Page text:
KUALA LUMPUR: Sarawak expects 15 per cent output growth to 3.1 million tonnes of crude palm oil this year, as more oil palms mature and bear more fruits.
In an interview, Sarawak Oil Palm Plantation Owners' Association (Soppoa) vice-president Paul Wong said the association members should be able to harvest and squeeze out between 10 to 20 per cent more than last year's 2.7 million tonnes.
"About 80,000ha of additional area will come to maturity this year. Many of our members' tree profile is pointing towards favourable output these few years. Malaysia's final expansion frontier is in Sarawak," he told Business Times on the sidelines of the Palm and Lauric Oils Outlook Conference (POC) 2012 held here yesterday.
Indeed, with some three million hectares of agriculture land yet to be cultivated, the growth story lies squarely on Sarawak. As at December 2011, the country's oil palm planted area totalled five million hectares.
Last year, the Malaysian Palm Oil Board's data show that both Peninsular Malaysia and Sabah's crude palm oil output only grew by 9 per cent and 10 per cent to 10.4 million tonnes and 5.8 million tonnes, respectively. Sarawak's production, however, jumped 24 per cent to 2.7 million tonnes.
Soppoa's 3.1 million tonnes of crude palm oil forecast is in line with that of the Malaysian Palm Oil Board (MPOB)'s national estimate of 19.3 million tonnes.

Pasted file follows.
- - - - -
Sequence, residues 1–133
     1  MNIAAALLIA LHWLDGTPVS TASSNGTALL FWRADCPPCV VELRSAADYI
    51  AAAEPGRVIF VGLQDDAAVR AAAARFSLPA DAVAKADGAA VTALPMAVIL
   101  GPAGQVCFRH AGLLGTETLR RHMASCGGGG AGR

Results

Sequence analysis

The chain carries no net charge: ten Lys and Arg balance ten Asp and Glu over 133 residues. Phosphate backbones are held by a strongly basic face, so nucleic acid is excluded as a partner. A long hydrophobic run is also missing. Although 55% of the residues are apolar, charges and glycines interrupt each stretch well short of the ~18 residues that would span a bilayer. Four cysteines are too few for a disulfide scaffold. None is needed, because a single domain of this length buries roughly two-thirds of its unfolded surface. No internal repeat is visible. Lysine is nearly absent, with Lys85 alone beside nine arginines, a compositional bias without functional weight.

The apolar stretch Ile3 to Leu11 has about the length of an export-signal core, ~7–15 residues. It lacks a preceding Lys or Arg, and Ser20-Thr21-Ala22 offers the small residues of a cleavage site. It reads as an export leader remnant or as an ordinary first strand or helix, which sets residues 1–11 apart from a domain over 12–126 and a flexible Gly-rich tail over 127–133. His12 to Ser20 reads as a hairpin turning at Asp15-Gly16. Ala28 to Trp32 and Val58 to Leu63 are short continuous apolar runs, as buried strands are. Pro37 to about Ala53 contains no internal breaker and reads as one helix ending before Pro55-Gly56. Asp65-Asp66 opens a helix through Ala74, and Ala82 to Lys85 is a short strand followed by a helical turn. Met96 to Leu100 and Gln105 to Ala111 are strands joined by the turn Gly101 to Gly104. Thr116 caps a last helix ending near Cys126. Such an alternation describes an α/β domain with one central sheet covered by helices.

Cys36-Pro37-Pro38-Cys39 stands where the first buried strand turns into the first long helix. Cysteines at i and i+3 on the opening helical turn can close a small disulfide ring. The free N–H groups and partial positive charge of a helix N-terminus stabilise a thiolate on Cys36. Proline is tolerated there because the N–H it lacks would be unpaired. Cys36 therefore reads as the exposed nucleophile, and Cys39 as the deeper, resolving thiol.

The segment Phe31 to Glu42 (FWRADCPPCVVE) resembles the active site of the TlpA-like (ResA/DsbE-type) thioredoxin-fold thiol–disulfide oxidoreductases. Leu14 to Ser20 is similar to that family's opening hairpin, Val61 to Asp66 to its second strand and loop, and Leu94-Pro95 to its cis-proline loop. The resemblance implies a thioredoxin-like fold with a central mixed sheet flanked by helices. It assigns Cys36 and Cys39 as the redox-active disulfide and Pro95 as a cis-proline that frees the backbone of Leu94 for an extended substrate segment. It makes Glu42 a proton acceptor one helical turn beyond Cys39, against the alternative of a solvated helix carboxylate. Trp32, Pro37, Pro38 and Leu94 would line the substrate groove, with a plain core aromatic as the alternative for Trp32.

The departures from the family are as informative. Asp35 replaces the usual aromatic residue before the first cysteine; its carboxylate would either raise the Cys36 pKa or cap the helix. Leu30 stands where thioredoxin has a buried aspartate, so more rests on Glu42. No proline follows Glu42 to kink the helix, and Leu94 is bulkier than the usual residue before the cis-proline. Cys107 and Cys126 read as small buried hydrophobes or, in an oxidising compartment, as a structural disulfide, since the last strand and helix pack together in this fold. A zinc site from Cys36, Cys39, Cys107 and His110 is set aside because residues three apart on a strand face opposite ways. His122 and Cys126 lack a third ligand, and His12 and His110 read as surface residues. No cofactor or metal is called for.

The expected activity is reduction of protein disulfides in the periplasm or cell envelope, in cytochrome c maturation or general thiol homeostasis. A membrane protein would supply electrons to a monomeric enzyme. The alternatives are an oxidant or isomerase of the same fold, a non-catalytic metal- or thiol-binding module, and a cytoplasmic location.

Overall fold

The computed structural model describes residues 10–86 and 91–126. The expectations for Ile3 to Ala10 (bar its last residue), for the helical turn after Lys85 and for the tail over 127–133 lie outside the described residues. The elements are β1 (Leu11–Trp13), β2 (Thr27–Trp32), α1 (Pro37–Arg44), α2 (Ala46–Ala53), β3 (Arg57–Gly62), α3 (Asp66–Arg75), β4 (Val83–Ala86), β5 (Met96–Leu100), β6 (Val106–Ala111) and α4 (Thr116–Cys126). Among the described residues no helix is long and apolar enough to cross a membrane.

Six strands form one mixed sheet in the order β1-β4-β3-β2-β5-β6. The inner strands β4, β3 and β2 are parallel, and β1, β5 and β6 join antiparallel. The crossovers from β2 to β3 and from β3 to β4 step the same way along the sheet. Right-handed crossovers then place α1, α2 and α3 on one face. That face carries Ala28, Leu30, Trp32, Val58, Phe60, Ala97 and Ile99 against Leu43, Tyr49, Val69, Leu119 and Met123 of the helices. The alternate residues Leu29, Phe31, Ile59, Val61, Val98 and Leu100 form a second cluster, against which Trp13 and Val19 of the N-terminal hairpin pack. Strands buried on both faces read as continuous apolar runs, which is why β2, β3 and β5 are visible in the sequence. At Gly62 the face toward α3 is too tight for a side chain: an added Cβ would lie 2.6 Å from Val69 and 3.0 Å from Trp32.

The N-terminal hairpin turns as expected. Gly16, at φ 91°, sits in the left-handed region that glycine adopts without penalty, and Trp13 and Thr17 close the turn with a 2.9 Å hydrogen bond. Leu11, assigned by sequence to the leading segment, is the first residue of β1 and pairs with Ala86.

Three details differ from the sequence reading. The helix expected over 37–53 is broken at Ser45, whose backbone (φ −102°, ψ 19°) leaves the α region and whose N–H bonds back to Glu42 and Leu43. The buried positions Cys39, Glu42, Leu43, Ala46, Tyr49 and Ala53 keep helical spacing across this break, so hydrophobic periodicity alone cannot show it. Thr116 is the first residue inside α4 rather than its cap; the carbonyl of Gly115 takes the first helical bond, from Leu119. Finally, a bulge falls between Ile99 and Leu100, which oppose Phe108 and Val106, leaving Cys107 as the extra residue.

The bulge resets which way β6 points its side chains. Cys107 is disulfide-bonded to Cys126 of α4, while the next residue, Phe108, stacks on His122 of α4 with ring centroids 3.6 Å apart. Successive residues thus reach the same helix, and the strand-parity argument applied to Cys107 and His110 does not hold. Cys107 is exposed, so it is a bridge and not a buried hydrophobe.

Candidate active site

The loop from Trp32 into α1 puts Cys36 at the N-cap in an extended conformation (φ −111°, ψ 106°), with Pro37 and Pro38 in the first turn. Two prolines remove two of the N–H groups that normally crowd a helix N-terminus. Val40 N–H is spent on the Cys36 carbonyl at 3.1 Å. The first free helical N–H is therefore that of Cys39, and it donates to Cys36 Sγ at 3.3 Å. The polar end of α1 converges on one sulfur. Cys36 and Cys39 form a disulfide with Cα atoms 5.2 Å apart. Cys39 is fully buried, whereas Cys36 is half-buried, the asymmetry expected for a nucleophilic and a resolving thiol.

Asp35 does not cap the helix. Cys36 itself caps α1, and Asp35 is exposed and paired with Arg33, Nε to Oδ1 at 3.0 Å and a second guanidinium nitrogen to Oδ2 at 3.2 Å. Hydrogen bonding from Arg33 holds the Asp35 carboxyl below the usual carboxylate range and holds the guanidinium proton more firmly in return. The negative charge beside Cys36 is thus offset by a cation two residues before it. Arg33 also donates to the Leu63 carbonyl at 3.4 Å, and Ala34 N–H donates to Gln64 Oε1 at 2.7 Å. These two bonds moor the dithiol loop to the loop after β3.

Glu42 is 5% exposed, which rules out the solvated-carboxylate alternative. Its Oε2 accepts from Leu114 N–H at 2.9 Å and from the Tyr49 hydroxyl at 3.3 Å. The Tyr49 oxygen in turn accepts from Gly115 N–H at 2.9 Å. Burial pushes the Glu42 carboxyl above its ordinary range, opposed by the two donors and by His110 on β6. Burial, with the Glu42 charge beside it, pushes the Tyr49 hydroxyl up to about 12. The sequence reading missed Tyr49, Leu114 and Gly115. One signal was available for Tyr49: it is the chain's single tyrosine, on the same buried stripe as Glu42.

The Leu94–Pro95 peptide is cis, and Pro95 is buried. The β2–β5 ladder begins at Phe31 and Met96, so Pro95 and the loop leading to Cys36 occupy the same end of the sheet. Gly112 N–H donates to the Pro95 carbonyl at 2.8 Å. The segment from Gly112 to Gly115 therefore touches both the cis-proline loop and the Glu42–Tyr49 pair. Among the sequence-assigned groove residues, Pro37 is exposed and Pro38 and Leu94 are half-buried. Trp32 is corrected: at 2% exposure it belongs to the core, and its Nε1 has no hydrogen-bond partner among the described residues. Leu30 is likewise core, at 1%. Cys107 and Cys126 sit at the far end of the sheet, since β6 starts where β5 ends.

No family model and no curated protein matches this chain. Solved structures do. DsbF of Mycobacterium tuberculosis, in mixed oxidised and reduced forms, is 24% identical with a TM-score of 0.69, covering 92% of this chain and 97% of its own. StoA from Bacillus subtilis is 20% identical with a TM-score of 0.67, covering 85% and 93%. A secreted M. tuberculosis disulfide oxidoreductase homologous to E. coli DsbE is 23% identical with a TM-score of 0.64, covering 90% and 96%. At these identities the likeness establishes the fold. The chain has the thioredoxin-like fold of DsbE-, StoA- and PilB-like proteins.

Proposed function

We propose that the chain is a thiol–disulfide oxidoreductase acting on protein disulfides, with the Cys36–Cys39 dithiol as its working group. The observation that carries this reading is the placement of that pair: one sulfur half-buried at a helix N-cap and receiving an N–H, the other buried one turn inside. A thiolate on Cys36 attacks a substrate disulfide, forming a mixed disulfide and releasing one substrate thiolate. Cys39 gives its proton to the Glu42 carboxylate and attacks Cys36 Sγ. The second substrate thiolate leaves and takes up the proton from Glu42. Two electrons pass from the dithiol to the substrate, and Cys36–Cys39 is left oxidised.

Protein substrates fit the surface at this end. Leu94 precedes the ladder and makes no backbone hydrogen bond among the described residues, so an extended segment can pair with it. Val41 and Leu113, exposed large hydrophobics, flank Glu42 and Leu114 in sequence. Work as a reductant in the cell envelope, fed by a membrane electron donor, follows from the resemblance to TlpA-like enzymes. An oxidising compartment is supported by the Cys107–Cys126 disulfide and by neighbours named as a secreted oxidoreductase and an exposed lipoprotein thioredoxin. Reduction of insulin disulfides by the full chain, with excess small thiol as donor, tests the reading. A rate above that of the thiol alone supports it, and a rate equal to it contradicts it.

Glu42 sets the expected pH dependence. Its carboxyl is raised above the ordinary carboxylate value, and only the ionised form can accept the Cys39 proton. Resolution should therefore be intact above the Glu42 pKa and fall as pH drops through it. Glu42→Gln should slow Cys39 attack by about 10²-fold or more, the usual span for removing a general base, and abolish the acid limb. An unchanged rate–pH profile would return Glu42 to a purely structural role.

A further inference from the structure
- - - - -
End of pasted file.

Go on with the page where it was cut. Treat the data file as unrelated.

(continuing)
"While there's good prospects of crude palm oil output, we face shortage in refining capacity in Sarawak. The restructuring of the Indonesia palm oil export taxes have caused an uncompetitive environment here. The uptake by refiners in Sarawak is very slow because they face negative margin when they process the crude palm oil," Wong said.
Since last year, the Indonesian government has widened the export tax gap between crude palm oil and refined products drastically to boost refining capacity and downstream activities. As a result, crude palm oil and crude palm kernel oil became cheaper for downstream producers there.
"We have a lot of crude palm oil to process but the refiners in Sarawak lose money when they refine in this kind of uncompetitive environment. Although the market is slowly adjusting, we hope the federal government will do something to help the refiners here," he said.
Wong then said the backflow effect of refiners slowing their uptake of crude palm oil from millers have cause a build-up in stocks.
"Millers in Sarawak only have that much tank storage. What happens when it is peak season in the third quarter? By then, millers would not be able to take in that many fruit bunches from smallholders when their tanks are filled to the brim," he said.
"The government needs to urgently address this issue faced by refiners because it is also affecting the planters," he added.